n “At a little distance in advance stood Uncas, his whole person thrown powerfully into view. The travelers anxiously regarded the upright, flexible figure of the young Mohican, graceful and unrestrained in the attitudes and movements of nature. ”
n Cooper stresses the American Indian’s identification with the natural world n Wyeth accordingly portrays Uncas in harmony with the landscape, framed by a formation of clouds. n He retains other elements of Cooper’s description as well, notably the account of Uncas’s
n dark, glancing, fearful eye, alike terrible and calm; the bold outline of his high haughty features, pure in their native red…the dignified elevation of his receding forehead, together with all the finest proportions of a noble head, bared to the generous scalping tuft.
n To capture the commanding presence of the character, Wyeth adopted a low viewpoint, so that the powerful body of Uncas appears larger than life as he advances right to the edge of the canvas, the unspoiled American landscape spread out below and behind him.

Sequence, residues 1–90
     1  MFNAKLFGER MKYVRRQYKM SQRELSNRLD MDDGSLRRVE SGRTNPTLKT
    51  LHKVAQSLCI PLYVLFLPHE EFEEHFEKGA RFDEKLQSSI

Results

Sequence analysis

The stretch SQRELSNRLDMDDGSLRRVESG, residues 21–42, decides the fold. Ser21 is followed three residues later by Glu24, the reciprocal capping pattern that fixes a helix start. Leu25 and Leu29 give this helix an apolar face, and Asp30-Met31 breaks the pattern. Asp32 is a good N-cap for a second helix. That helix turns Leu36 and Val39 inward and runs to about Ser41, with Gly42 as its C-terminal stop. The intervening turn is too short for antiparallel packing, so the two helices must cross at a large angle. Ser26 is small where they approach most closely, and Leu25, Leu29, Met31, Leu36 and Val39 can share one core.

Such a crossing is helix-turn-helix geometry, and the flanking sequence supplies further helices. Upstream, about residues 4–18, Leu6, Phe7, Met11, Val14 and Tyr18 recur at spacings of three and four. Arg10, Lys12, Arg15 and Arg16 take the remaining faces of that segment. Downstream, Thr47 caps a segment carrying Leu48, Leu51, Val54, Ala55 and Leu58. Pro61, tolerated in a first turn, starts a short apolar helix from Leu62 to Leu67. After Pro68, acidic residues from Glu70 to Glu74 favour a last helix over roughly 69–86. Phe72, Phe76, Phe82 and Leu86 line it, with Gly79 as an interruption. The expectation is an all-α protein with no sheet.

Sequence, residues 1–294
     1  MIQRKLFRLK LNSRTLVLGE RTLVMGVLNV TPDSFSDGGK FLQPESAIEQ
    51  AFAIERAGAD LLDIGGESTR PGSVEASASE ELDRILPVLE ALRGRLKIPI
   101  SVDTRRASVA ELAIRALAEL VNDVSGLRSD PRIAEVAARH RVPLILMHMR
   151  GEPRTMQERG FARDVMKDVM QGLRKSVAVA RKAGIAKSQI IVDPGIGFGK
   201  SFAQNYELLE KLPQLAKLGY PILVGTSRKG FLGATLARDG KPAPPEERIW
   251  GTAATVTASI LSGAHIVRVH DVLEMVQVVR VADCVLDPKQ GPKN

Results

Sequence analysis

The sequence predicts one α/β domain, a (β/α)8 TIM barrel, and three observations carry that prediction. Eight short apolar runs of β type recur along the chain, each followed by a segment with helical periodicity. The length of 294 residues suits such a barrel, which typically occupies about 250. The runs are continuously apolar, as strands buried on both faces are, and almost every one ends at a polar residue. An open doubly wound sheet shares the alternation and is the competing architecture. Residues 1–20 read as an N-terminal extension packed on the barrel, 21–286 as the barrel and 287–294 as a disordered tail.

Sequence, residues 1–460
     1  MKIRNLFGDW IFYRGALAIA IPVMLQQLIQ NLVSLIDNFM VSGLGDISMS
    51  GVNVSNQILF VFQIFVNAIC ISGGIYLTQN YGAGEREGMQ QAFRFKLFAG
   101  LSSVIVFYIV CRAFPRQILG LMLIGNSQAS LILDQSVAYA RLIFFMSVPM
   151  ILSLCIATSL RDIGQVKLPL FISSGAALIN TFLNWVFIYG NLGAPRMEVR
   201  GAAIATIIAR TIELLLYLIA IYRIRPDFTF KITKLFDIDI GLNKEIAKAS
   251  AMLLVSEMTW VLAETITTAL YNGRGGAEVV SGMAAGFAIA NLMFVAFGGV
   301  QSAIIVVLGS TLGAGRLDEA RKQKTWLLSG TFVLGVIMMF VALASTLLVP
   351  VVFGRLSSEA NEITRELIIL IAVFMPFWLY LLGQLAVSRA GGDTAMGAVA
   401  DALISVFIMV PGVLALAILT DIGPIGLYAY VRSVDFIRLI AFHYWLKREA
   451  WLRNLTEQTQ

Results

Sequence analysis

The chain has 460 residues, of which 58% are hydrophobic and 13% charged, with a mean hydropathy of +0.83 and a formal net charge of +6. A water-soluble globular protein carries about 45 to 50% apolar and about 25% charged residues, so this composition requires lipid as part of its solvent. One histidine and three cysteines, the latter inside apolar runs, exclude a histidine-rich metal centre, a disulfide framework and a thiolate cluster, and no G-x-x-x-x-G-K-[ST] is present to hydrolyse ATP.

What does Wyeth suggest about the health and character of this American Indian? n n Wyeth shows him to be strong, healthy, muscular, and standing straight. The intense stare of his eyes, his downturned mouth, and the set of his shoulders suggest that he is determined alert, serious, and ready to act.
Look at the cloud surrounding the character… n The cloud gives him a special character. n It acts as his nimbus or aura.
n In other respects, Wyeth alters Cooper’s portrayal of Uncas.
Differences n The Uncas whom Wyeth pictures is barechested, covered in war paint, and crowned with a feather. n Cooper points out in the novel that Uncas’s “person was more than usually screened by a green and fringed hunting shirt, like that of the white man. ”